Once you’ve been diagnosed with hearing loss in Salem, your next step is selecting a pair of hearing aids. If you’ve never had to choose these devices before, you’ll probably be in for a surprise. There are so many different styles available, it’s difficult to know where to even start! We can help you narrow down your choices.
Considerations in Choosing Hearing Aids
Hearing loss is the third most common physical condition in Oregon. Only arthritis and heart disease afflict more patients in Salem. The good news? 90 percent of individuals diagnosed with hearing loss can benefit from the amplification hearing aids provide.
How do you choose a hearing aid?
Choosing hearing aids can feel overwhelming. Your Salem audiologist is happy to assist in the process; they will determine the type and degree of your hearing loss, which will immediately help you focus on certain models and eliminate others.
Hearing aid styles
It’s hard to tell which has changed more in hearing aids over the years: their look or function. In the past, hearing aids were large and bulky. People who didn’t want to draw attention to their condition often skipped wearing them for fear they would appear old or frail.
This all changed with the advent of digital technology, which enabled much smaller microprocessors. Beginning in the early 2000s, hearing aids began to shrink in size.
Today, you can find options tiny enough to fit wholly in your ear canal, so other people won’t even know you are wearing them. Other styles include full-shell, half-shell, behind-the-ear and open fit. There are pros and cons to each; the main things to focus on are finding a pair you find cosmetically appealing that will address your specific hearing needs, match your lifestyle and are within your budget.
Hearing aid electronics
They say “it’s what is on the inside that counts,” and this applies to electronics as well as people.
Cost and performance are highly dependent upon hearing aid design; two devices might look alike on the exterior, but their internal electronics could be vastly different.
The majority of hearing aids on the market today feature digital sound processing that is able to filter out background noise and eliminate most of the problems that were common in analog devices, such as feedback and distortion.
Don’t skimp on hearing aids; you’ll need a pair powerful enough to help overcome your specific hearing deficits.
Hearing aid options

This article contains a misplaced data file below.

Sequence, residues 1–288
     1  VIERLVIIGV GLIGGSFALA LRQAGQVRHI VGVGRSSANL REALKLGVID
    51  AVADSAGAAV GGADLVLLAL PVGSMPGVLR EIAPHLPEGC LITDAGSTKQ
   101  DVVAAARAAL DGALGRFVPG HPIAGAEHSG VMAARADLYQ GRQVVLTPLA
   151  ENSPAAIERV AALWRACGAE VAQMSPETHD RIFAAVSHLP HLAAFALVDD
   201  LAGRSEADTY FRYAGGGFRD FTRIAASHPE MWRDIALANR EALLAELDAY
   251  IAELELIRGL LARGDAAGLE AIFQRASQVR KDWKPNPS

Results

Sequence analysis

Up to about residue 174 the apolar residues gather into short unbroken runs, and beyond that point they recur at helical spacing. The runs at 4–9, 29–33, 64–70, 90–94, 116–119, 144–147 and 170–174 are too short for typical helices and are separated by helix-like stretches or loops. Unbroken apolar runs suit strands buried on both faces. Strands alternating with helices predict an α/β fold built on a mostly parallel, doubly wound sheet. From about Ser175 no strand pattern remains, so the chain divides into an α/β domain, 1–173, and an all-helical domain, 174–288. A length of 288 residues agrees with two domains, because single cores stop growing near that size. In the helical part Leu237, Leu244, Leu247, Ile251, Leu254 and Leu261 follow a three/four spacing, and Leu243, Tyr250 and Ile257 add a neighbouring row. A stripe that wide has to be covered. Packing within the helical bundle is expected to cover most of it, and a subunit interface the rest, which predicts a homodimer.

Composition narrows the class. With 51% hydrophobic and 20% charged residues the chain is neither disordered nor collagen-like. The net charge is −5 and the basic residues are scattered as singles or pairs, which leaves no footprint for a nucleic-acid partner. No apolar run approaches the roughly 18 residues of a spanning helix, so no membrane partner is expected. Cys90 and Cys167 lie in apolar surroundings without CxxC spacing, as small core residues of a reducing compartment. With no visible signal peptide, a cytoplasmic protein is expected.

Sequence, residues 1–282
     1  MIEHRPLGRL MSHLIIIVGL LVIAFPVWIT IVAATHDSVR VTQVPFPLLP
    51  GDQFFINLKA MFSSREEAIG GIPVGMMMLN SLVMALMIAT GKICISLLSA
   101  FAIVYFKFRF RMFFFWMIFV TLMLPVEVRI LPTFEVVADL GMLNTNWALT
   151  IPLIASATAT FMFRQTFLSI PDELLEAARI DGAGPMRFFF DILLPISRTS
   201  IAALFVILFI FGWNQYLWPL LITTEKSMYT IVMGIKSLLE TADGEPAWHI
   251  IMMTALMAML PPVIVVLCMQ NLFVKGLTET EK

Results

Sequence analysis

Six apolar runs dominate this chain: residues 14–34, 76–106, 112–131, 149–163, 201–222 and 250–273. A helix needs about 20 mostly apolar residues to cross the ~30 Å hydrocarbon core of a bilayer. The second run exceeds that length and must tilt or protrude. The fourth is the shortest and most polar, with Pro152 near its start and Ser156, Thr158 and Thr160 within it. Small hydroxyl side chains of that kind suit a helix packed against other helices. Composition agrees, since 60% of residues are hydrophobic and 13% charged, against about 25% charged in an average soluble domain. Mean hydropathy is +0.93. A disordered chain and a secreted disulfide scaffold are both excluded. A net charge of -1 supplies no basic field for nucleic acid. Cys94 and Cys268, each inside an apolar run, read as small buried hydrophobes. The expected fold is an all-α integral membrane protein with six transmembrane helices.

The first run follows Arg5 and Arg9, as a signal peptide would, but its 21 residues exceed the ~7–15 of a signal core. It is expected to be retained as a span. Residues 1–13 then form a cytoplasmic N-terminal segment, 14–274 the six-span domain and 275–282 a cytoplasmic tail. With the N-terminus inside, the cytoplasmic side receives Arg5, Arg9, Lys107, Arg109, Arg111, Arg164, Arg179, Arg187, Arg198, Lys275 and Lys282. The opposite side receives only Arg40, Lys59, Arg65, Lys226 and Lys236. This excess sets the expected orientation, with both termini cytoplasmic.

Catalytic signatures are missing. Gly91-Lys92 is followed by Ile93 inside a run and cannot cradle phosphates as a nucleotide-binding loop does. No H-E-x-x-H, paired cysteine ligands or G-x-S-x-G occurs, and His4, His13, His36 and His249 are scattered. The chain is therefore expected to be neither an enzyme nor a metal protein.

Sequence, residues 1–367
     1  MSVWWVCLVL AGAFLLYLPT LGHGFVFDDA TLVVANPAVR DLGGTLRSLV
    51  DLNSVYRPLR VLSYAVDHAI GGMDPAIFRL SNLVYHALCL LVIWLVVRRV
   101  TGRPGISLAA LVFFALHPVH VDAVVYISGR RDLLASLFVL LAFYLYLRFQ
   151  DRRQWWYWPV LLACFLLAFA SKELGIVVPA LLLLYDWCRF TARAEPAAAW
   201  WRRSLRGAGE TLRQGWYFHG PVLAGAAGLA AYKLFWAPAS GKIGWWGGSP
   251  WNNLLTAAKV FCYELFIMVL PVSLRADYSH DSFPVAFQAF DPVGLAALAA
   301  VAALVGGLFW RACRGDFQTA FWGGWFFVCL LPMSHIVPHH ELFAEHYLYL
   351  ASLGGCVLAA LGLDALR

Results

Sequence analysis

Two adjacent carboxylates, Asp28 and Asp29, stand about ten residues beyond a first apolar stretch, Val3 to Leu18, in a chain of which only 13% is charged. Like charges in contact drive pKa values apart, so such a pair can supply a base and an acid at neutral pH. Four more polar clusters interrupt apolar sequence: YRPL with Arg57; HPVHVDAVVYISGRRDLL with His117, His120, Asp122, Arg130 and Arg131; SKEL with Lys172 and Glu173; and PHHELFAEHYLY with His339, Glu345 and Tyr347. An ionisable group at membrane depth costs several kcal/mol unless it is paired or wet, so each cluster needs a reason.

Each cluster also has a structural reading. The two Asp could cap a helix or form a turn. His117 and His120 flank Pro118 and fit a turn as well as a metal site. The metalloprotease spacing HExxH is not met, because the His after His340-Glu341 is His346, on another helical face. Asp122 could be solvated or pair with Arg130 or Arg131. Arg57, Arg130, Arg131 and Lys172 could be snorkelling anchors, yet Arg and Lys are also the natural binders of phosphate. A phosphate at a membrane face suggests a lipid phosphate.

Once you have finally settled on a pair of hearing aids, you still have work to do: you’ll need to figure out which options you want. These depend on your degree of hearing loss, lifestyle, activity level and social needs. The most popular options today include:
- Bluetooth®. Wireless connectivity enables you to stream audio directly to your hearing aids from a variety of other electronic devices such as smartphones, tablets, computers and TVs. This provides convenience and ensures you won’t disturb others around you when listening to music or watching television.
- Directional microphones. Up until recently, hearing aids had only one microphone that remained fixed in place. Microphones that can be manually adjusted to pick up sounds from multiple directions will help you follow movies, lectures or concerts more easily.
- Rechargeable batteries. Hearing aids need a power source and most rely on batteries, which typically last three to seven days. These can be costly over time and harmful to the environment. Rechargeable lithium-ion batteries are becoming more readily available; these provide a full day’s worth of operation following an overnight charge.
Hearing aid price
We would be remiss in not mentioning cost. Everybody has a budget they are comfortable with and without a doubt, hearing aids can be expensive—and few health plans cover the costs. It’s important to choose hearing aids that are powerful enough to meet your hearing needs; it’s pointless to buy a cheap pair if they are inadequate and end up relegated to a nightstand or the dreaded “junk drawer.”
Make an appointment with an audiologist if you need help deciding
These factors should help you get a start in choosing a pair of hearing aids right for you. If you have questions or need additional help, sit down with your Salem audiologist; together, the two of you can pick out a pair that will suit your needs.
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